The Importance of Weather Trends in the Energy Industry

It is no secret that temperature and precipitation are both extremely important indicators for the energy industry. Temperature is a primary driver of electricity demand due to heating in the winter and cooling in the summer. Precipitation correlates strongly with temperature and with output from both wind and solar generation.

As such, the temperature is probably one of the most important factors that are incorporated into electricity supply and demand planning, price forecasting, and both near- and long-term risk management decision-making.

You may not realize it, but there are a large number of different business use cases that require the use of weather and precipitation data within the energy industry. These use cases include:

  • Short-term forecasting of power and gas prices to inform supply asset (thermal, wind, solar, hydro, etc.) bidding and near-term economic dispatch.
  • Medium-term energy risk management relies on understanding statistical distributions of weather and their corresponding impact on market prices, asset dispatch, hedge performance, etc.
  • Hedging energy portfolios using exotic weather derivatives that pay off relative to realized temperatures (or other weather patterns), rather than commodity prices. Examples include temperature derivatives, snowfall derivatives (ski resorts use these to hedge their risk of lost revenues due to lower-than-average snow years), and many others.
  • Exploring the impact of rising temperatures in long-term and integrated resource planning (IRP) scenarios. This is more related to climate timescales than weather-related but is very important to maintaining grid reliability as supply/demand dynamics evolve amid rapidly changing climate conditions. Although avant-garde, this exploration is becoming more impactful with the consistently extreme heat we’ve been seeing in the last few years.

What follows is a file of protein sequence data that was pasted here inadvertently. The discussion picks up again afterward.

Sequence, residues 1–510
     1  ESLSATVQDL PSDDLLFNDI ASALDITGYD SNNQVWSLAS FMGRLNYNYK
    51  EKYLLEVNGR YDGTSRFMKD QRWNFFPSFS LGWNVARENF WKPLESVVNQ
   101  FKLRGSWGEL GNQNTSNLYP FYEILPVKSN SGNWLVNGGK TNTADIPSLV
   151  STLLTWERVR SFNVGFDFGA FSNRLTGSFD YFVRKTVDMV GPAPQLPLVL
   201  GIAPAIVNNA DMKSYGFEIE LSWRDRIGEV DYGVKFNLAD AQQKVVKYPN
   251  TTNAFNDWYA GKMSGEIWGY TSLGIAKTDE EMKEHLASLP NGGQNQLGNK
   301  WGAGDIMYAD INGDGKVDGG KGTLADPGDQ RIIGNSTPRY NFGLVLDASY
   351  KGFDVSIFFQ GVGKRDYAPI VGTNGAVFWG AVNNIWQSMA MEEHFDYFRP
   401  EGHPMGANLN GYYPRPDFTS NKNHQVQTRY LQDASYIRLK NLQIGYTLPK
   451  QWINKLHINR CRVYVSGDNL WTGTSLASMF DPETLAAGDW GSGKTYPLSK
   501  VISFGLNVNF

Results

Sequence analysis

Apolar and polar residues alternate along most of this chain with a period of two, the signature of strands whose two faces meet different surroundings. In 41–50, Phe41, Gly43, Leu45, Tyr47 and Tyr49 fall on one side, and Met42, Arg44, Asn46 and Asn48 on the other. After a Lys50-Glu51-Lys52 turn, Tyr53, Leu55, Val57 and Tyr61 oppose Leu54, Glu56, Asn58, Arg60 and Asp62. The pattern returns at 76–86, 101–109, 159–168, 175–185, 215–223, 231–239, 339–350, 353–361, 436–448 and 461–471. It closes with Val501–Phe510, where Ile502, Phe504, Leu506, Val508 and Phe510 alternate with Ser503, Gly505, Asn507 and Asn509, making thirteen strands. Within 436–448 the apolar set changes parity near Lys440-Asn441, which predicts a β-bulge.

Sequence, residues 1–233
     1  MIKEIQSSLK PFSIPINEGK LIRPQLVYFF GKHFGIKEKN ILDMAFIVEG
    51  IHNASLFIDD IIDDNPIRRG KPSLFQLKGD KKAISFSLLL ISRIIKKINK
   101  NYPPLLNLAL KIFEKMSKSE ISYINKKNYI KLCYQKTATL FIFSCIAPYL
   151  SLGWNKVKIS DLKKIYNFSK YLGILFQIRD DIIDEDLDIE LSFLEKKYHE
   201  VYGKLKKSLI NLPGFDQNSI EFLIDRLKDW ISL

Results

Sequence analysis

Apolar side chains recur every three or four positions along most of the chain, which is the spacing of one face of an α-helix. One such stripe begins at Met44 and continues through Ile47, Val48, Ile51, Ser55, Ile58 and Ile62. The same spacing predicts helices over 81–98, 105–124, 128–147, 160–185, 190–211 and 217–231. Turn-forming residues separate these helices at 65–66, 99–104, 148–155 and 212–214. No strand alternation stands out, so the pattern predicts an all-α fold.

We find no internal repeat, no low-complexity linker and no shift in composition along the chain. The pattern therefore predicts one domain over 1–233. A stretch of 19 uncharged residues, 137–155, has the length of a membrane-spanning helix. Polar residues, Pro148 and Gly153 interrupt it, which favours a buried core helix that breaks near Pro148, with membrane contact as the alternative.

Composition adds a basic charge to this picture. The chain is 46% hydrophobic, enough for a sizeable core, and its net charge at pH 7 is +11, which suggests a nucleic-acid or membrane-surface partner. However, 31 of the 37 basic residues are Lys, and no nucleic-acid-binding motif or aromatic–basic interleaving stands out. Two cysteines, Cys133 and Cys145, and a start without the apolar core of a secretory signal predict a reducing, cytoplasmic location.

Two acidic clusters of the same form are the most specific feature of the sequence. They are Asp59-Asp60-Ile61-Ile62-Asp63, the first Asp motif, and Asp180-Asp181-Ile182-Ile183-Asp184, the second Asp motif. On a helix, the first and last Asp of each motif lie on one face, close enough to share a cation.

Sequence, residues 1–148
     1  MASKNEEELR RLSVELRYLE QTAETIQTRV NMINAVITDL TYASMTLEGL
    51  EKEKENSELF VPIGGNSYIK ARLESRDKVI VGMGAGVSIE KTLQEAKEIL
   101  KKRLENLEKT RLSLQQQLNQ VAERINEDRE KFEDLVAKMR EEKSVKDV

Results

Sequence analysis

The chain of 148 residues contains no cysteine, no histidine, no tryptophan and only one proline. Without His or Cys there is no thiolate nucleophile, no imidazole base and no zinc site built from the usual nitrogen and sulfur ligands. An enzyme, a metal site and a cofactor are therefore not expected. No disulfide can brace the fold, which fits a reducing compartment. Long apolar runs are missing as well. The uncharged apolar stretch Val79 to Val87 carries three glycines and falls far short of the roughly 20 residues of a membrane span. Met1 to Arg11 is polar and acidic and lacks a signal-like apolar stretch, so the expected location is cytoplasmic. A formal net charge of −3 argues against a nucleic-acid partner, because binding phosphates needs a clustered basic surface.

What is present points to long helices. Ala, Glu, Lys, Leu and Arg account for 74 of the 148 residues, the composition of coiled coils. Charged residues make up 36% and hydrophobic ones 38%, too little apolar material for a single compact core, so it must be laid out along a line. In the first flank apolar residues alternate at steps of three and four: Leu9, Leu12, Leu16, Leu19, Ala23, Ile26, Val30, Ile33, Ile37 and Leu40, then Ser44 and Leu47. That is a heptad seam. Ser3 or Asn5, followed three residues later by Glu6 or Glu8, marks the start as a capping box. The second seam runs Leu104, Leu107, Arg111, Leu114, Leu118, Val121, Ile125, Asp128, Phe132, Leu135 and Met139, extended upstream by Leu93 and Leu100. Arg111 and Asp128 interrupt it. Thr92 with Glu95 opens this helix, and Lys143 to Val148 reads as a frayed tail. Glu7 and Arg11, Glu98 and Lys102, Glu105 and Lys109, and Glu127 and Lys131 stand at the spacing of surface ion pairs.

• Speculative power traders rely on accurate weather forecasts to take positions that they hope will pay off in the near-term (next hour to next few days). Having a good weather forecast is considered a competitive advantage in this case. Such trading activities include real-time and day-ahead power trading/scheduling as well as term trading (next month and beyond).

The covariant relationship between weather (primarily temperature) and load, weather and renewable generation, and weather and price need to be explicitly parameterized using coincident historical time series data (e.g., historical hourly market prices, realized hourly renewable generation, realized temperatures). These historically-parameterized covariant relationships can then be projected forward within simulations and can also be manually tuned by users for the purpose of scenario or sensitivity analysis.

Whether parameterizing these relationships from historical data, forecasting them using other modeling methodologies, or designing scenarios, the relationship between weather and these other risk factors is of primary importance to IRP modeling, cash flow forecasting, asset valuation, and other energy analytic use cases and absolutely must be incorporated into any energy analytic framework.

By: Brock Mosovsky, Co-Founder and VP,


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